Cardi B won big on Sunday night at the Grammys, becoming the first solo female artist to win the award for Best Rap Album. But when it came to her televised performance of “Money,” she wasn't the only star to shine: Cardi's dynamic piano player also captured everyone’s attention.

Her name is Chloe Flower. She is, as you might have guessed, an accomplished classical pianist. However, she also has a foot in the contemporary music world, working closely with the legendary Babyface on her upcoming debut album, and lending her talents to the likes of 2 Chainz and Nas. After a frantic series of emails and texts, I managed to get Flower on the phone on Sunday night, not long after she got offstage. Our conversation is below, lightly edited for clarity and length.

Congratulations on a fantastic performance tonight.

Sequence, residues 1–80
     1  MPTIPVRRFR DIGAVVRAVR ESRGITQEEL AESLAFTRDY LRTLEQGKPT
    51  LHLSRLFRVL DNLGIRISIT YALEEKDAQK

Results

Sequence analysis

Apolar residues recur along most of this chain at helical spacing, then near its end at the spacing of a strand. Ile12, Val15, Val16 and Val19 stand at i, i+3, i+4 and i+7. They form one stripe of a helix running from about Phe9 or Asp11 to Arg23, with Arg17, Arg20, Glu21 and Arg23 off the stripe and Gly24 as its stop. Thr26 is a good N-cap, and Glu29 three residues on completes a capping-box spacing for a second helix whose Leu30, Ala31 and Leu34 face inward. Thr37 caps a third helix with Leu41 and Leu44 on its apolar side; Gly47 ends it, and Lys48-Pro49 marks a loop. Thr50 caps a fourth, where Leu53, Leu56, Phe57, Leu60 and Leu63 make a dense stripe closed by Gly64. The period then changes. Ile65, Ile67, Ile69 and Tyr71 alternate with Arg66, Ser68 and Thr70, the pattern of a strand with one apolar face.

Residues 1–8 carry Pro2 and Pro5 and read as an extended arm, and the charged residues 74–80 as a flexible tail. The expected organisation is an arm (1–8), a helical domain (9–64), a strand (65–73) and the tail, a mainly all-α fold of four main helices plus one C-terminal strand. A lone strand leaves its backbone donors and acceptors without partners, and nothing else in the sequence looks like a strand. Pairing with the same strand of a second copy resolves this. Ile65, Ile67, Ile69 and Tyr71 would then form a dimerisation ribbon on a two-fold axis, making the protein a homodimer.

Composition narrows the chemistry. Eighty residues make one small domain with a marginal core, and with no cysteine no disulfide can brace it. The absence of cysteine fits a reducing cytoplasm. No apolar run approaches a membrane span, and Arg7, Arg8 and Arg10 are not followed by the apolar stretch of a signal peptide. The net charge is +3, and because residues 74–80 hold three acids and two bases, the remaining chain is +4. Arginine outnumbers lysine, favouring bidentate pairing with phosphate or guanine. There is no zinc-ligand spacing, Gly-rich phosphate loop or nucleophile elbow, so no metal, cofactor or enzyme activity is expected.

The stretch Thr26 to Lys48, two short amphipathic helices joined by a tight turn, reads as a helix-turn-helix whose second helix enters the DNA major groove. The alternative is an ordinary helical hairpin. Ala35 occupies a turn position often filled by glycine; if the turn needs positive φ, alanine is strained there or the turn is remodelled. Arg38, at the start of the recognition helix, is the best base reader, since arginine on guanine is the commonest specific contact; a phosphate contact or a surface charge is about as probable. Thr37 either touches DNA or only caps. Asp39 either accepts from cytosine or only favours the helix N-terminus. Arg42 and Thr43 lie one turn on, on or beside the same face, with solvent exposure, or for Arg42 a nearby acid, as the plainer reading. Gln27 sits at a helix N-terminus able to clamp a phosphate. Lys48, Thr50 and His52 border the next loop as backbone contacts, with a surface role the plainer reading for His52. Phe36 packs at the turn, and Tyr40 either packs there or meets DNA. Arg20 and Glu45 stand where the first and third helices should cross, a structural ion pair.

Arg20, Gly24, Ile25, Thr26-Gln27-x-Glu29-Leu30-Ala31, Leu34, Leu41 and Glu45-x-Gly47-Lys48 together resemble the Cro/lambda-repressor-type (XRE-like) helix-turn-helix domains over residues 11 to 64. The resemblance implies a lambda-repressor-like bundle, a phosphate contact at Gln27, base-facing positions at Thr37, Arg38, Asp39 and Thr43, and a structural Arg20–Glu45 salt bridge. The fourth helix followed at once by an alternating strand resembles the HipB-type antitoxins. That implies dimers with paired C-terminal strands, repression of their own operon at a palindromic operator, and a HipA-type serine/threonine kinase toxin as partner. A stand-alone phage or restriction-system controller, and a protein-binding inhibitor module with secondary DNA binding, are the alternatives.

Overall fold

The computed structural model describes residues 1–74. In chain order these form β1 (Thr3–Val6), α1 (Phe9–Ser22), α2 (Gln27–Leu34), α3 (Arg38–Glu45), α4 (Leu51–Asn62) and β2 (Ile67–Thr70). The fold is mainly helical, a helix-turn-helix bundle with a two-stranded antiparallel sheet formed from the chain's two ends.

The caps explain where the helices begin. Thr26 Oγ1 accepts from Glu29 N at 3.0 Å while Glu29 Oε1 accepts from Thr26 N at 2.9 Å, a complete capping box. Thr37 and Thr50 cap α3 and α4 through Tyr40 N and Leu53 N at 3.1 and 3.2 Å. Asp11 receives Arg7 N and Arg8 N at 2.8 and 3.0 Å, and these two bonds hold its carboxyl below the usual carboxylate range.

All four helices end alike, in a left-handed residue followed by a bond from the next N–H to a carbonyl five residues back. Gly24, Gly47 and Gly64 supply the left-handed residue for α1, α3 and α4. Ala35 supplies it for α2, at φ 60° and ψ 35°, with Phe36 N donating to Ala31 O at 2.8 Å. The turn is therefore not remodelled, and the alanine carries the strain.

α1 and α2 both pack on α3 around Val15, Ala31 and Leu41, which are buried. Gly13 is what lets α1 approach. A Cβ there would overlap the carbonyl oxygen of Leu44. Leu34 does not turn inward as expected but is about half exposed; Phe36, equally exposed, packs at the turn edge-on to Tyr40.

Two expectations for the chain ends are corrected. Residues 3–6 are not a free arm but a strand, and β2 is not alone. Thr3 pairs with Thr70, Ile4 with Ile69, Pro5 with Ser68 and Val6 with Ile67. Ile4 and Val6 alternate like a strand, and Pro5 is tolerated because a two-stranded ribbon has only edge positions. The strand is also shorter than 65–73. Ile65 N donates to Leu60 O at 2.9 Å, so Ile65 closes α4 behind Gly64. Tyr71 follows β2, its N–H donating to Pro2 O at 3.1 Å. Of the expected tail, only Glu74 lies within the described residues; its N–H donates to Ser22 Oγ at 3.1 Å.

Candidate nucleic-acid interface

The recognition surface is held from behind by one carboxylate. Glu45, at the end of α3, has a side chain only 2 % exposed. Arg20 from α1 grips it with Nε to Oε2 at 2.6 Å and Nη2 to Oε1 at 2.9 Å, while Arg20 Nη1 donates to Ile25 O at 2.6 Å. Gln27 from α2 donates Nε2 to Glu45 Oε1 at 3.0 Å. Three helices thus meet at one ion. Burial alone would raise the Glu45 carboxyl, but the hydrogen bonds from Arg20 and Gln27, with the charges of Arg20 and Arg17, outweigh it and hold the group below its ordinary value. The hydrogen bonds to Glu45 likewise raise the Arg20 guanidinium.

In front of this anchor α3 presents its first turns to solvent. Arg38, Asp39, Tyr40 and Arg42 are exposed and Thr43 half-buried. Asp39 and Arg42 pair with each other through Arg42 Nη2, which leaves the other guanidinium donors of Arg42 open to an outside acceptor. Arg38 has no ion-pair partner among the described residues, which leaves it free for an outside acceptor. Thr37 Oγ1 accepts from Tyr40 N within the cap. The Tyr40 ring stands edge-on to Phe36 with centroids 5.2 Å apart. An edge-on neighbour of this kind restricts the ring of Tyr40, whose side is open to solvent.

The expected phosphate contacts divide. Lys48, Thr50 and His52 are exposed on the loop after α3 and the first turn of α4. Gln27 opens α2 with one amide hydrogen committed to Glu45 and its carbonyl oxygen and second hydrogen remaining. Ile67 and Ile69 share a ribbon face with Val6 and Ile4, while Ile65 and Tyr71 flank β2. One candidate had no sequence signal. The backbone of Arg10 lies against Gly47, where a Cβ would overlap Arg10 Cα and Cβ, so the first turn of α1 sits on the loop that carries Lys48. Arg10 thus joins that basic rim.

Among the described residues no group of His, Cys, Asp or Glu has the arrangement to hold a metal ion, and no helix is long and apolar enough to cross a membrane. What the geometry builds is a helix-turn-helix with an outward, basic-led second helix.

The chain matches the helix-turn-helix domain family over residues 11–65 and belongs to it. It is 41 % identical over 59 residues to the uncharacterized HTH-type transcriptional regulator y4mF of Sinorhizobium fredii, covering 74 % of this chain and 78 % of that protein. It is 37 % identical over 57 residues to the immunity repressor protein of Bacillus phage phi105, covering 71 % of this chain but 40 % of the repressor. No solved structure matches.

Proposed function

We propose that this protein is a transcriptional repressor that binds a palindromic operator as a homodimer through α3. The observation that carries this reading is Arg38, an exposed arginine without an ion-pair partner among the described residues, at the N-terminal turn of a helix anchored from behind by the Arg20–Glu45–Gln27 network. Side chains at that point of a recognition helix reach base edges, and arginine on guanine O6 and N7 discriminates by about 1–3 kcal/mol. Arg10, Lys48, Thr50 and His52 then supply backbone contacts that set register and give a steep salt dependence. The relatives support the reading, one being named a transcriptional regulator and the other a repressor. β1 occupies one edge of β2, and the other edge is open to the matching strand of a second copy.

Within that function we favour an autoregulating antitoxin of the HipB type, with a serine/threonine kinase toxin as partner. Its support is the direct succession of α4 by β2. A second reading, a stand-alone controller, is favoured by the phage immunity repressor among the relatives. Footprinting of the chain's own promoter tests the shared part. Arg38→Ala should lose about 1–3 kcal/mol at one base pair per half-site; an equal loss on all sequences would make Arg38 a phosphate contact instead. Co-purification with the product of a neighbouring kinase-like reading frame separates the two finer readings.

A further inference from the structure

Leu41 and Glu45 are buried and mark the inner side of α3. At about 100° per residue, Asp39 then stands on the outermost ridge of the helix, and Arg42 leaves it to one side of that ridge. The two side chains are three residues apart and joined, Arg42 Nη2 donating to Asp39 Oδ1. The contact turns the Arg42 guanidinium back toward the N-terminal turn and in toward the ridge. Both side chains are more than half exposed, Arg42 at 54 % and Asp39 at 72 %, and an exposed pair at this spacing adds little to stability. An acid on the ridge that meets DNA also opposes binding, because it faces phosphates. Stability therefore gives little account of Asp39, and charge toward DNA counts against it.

Thank you.

How did this all come to be?
Basically, one of my friends introduced me to someone in Cardi’s camp, and then she showed Cardi and the team my Instagram. They were like, "Can she play?" [Laughs]. And I was like, "Uh, yeah. Hello!" It's really as basic as that.

I saw on your Instagram that you sometimes do covers of pop and rap songs?
I do that because it's a way for me to bring in a younger audience. What I noticed is that the audience that doesn't know classical music doesn't recognize the themes in classical music, even if they're popular themes. But they recognize the hip-hop themes and the pop themes. So when I use that, they're much more receptive. That draws in a younger audience to instrumental music and piano, wanting to learn an instrument, stuff like that.

Tell me about preparing for this performance.
They gave me a theme. They were like, “We want it to be cabaret,” and they gave me an idea of what they wanted. So I wrote an arrangement. Then they were like, “Okay, can you make this change, can you make this change?” and I made the changes. They approved it and then I flew to LA, did a few rehearsals, and then performed.